There's something very special about this latest disc from John Abercrombie's quartet, but the whole thing's so understated that it's hard to put your finger on quite what it is. Certainly when listening through the album, with all its delicacy and fragility, it's hard to believe - and a testament to Abercrombie's driven band-leadership - that half of the group have had regular gigs with that convener of musical chaos, John Zorn.
It's the third album from the group Abercombie has been leading since 2000, and seems to mark a retreat from earlier excursions into freer territory; many tracks open with atmospheric introductions that seem unscripted, but which soon settle into more traditional jazz cycles. Of highlights there are many: the modal extemporizations of the opening ''Banshee'' which skid over bassist Marc Johnson's pedal note, setting the scene for the kind of quiet intensity that characterises the album, or the exquisite interplay between Abercrombie and violist Feldman on their stand-out arrangement of Bill Evans' little-known ''Epilogue''. Joey Baron rises to the formidable challenge of paying tribute to Elvin Jones, with echoes of the great drummer's stream-of-consciousness style and acute sensitivity on ''Elvin'', like all the originals on the disc, an Abercombie original.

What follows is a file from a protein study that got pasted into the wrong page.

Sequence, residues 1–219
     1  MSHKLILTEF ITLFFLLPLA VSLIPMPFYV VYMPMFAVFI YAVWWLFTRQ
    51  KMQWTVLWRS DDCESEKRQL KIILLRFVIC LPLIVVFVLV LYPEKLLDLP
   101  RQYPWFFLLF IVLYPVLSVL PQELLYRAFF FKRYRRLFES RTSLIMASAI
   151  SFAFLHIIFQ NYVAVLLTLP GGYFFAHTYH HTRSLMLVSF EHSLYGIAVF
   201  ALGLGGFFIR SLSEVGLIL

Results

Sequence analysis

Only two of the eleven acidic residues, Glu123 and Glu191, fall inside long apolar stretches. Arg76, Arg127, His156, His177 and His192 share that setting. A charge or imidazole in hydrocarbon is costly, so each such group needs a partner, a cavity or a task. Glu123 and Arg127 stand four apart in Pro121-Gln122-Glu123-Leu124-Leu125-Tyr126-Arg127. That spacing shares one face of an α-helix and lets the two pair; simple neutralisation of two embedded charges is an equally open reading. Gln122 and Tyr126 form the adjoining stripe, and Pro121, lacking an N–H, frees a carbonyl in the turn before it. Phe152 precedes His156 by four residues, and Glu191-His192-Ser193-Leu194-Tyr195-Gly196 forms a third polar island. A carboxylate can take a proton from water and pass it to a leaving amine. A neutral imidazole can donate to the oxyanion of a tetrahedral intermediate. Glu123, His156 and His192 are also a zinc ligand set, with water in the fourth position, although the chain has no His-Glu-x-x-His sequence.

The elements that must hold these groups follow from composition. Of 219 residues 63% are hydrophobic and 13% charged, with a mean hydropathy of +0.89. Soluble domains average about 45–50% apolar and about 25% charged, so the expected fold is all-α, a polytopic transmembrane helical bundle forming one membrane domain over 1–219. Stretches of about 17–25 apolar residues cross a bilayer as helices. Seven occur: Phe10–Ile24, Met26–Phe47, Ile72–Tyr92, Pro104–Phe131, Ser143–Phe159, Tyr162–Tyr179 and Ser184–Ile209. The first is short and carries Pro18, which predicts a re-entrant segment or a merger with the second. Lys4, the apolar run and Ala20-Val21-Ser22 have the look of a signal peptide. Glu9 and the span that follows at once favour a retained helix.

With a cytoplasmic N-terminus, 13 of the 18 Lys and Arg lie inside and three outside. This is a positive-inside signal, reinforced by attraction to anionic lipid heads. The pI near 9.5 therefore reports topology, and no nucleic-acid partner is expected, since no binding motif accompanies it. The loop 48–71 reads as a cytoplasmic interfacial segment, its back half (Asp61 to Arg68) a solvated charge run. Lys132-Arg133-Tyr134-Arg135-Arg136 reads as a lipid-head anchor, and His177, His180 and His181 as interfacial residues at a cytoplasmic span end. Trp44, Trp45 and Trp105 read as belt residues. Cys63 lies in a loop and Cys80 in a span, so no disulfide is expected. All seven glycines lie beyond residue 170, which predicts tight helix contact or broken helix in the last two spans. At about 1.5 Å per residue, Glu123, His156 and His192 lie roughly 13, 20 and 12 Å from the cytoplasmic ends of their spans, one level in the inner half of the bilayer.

It's nice to hear a group quietly forging new ground like this - that is to say, not by smashing away at the limits of modern jazz, but rather by gently coaxing them slowly outwards. More to the point, it's nice to hear such subtle and intimate music-making as on this record. --Matt Trustram
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Top customer reviews
It is a reasonable assumption that John Abercrombie did not have to mind these words of T.S.Elliot, from "Dry Salvages", the third of his "Four Quartets" when he recorded his latest, impressive, offering with his quartet, so inopportune are the sentiments. Perhaps more so than "Cat and Mouse" and "Class Trip", "the Third Quartet" is understated and, at first listen, unremarkable but repeated listens reveal the synthesis of Abercrombie's two main inspirations, namely lyricism and free improvisation, and the uniqueness of his guitar, violin, bass and drums quartet.